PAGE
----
In apples and grapes this is a requirement as you cannot get a definite apple variety from seed and grapes MUST be grown on North American root stock or the plant will die. When it comes to tomatoes I have tried grafting on a limited basis and had success with all 6 plants that I tried. I grew my own rootstock, which is a huge variety and used san marzanos and a small early round variety as top. Yield wise there appeared to be small increase along with a little larger plant as compared with normal grown. I used masking tape as my "clip" and put this down into soil to hold the top. I had wilting for about 3 days before the graft started to take and I see this as relatively easy. However, I do not see any point in this process unless you are a green house grower that has been using a "straight soil" method for some years and it is now loaded with nematodes. In an outdoor garden this is (grafting) not necessary as a 2 years rotation will prevent their build up. Grafting will not do anything for soil fungus such as early blight.


 o
RE: Grafting tomatoes

Amy, do you know the rootstock of the plant that you grew last year? That would be helpful to know. I checked Log House's website and they didn't really identify what they use as a rootstock.

I have grown RS105 and RS106 from NE seeds and have grafted Arkansas Traveler, Atkinson, Creole, Homestead, Mortgage Lifter, Jersey Devil, Piccolo and Ozark Pink successfully this spring. (It is spring, right?)

I have been getting about 80 - 85% success on the graft, but I think this has a lot to do with how careful I am with the angle of the cut. I am using the silicone clips in both 1.5 and 2 mm

Pictures if you are interested.


 o
RE: Grafting tomatoes

I don't quite understand. Is this a reply or question?
Anyway, as best as I can.
The rootstock I used is my own creation and from it I can get a 7' high plant. The "cut" is a whip/tounge style graft cut and on a tomato should be about a 60 deg.angle. In order to achieve success you should study a plant xylem as the cambian layer MUST match on both the scion(top) and root (bottom). In other words both parts should be as close as possible in diameter. I simply used a piece of masking tape to hold the two pieces and put soil around it.
If you wish to water proof, simply coat with a soft wax. (toilet bowl ring wax from any hardware store). Again, I don't see much point in grafting unless you have a nematode build up and planting in a new location is an easier answer. I repeat, this process will do nothing against soil based fungus such as early blight nor will it work with late, which is airborne. Immunox/daconil,et.al. are the only answers. If this is about yield than you should start with a soil sample taken at 4-6 inch level in ground from at least 3 locations. Every county in the U.S. has an extension service and you can get all you need from them and where to send the sample for testing. There is usually a small fee and do get the test that does C.E.C./base saturation. The C.E.C. is Cation exchange capacity and the base saturation ideals are between 65-85 calcium, 6-12 magneisum, 2-5 potasium. This does not necessariy add up to 100% as there are other minors that are not covered by the test. Take the C.E.C. figure X 10 which equals the amount of fertilizer that can be applied to one acre of ground and adjust to your size of garden. Ex.C.E.C. of 10 = 100lbs. Note: a 50lb bag of 10-10-10 does not contain 10lbs as fertilizer is based on 100lb weight. In other words it takes two bags to get 10lb.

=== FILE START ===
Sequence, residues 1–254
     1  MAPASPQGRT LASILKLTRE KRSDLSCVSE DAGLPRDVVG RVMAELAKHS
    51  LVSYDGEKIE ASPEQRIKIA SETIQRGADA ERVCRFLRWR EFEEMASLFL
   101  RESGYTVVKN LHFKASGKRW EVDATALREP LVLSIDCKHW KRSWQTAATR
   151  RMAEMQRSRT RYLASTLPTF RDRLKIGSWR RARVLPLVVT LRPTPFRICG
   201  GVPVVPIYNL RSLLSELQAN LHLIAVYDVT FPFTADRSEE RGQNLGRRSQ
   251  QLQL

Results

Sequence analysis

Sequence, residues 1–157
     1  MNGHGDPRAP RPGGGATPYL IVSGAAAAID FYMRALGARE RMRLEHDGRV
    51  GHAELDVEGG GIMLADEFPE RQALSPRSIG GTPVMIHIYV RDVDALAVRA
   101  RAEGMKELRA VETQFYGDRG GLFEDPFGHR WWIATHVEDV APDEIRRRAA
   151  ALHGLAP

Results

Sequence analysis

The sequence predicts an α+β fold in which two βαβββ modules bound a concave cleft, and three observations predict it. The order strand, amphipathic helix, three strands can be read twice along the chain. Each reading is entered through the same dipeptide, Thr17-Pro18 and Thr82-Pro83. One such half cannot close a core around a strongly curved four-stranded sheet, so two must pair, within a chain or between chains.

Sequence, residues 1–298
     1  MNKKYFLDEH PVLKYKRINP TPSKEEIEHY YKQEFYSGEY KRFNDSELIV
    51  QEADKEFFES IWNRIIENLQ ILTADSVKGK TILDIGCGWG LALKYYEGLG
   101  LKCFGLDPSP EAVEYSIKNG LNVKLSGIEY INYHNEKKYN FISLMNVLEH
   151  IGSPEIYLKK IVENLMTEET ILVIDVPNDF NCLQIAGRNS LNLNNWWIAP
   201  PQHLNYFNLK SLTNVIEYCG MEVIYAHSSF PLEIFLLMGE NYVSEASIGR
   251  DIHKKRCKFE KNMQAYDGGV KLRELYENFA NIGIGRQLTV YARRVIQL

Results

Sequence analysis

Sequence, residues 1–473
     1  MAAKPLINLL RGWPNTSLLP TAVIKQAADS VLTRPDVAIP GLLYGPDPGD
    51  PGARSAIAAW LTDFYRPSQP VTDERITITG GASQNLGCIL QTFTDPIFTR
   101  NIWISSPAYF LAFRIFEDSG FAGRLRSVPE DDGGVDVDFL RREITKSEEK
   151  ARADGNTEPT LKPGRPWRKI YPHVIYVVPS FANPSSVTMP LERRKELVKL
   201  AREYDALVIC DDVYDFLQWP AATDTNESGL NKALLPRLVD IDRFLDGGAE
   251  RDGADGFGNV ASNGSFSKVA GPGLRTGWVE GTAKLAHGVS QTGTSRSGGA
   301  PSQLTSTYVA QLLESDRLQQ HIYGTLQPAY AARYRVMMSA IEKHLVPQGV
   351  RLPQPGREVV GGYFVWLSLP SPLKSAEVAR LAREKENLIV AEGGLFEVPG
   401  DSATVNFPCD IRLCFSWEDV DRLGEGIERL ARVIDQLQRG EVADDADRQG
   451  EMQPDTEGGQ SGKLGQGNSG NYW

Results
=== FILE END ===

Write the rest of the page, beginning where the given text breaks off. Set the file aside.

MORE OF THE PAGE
Note also that the middle number is Phophate and that it MUST be tilled in as it does not leach. Ideal Ph is around 6.8 and SOM (soil organic matter) at 5 (or more) as it's the water holding part of soil. If there are any other questions provide an email if specifics are desired.


 o
RE: Grafting tomatoes

Wildbill654 - May I ask why using disease-resistent rootstocks that are ALSO vigorous is not a benefit to growing heirloom tomatoes?

Having just gone through the grafting procedure, it was really quite easy. So I am curious.


 o
RE: Grafting tomatoes

Maurkio - I am using hybrid Big Beef as rootstocks (just because I have the seeds). I have Brandywine, Cherokee Purple, Prudens Purple, Striped German, and Aunt Gerties Gold as scions.

I made the grafts 3 days ago. The scions wilted immediately, but recovered the next day. All are straight up now. I have 18 of 18 that look solid. Grafting is so much easier than I thought it would be.

I found a cheap 4-shelf plant stand with a zippered plastic top "Early Start Greenhouse" for $30 at Lowes and added trays of water on all the lower shelves. Covered the whole thing with a sheet. The grafted tray is on the top shelf, of course.

The results seem great! The plastic cover has condensation all inside (I put a plastic trashbag and a towel below the stand to catch the drips). So the humidity is good. I'll start slowly uncovering the plant stand in 2 days and move it slowly to the sunny deck door.

I can't wait to see if this works as I plant them outside in 3 weeks and compare those to the ungrafted heirloom tomatoes I will plant next to them..


 o
RE: Grafting tomatoes

I am putting this here(on your advice) just to see how this works. If I had to explain anything in depth in this format I think I would pass, especially CEC/base saturation. At my age taking rocket science and trying to explain it in simplistic terms requires larger print and full page view, even for a typist.